Once an inmate is declared unconscious, the state’s execution protocol calls for the second drug, a paralytic, to be administered. The third drug in the protocol is potassium chloride, which stops the heart. Patton said the second and third drugs were being administered when a problem was noticed. He said it’s unclear how much of the drugs made it into the inmate’s system.
Lockett began writhing at 6:36. At 6:39, a doctor lifted the sheet that was covering the inmate to examine the injection site.
After an official lowered the blinds, Patton made a series of phone calls before calling a halt to the execution.
Lockett was declared dead at 7:06 p.m.
Autry, Lockett’s attorney, was immediately skeptical of the department’s determination that the issue was limited to a problem with Lockett’s vein.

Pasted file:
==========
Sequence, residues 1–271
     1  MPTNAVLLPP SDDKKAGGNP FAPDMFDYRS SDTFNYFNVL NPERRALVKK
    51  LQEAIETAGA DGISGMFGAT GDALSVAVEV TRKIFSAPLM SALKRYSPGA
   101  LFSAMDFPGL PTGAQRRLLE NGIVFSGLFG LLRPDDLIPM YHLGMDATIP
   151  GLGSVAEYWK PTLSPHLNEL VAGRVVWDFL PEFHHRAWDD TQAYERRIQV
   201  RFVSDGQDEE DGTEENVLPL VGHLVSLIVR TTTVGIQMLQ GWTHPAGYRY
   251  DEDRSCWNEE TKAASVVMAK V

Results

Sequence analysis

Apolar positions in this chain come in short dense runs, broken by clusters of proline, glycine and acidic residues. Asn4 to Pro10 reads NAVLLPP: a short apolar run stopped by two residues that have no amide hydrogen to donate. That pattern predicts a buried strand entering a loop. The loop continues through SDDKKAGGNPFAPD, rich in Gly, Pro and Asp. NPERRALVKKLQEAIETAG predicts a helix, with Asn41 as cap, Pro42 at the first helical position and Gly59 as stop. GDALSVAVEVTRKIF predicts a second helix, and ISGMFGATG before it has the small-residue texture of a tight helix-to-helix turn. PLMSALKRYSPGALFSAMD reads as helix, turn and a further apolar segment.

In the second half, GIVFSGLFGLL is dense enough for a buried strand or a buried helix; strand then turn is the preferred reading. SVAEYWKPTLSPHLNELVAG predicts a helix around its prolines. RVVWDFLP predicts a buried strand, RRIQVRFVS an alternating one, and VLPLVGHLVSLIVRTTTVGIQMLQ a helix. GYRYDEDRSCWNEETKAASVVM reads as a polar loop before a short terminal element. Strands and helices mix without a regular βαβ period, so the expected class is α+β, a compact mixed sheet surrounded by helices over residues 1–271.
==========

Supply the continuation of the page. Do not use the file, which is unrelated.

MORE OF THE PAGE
“I’m not a medical professional, but Mr. Lockett was not someone who had compromised veins,” Autry said. “He was in very good shape. He had large arms and very prominent veins.”
Warner had been scheduled to be executed two hours later in the same room and on the same gurney. The 46-year-old was convicted of raping and killing his roommate’s 11-month-old daughter in 1997. He has maintained his innocence.
Lockett and Warner had sued the state for refusing to disclose details about the execution drugs, including where Oklahoma obtained them.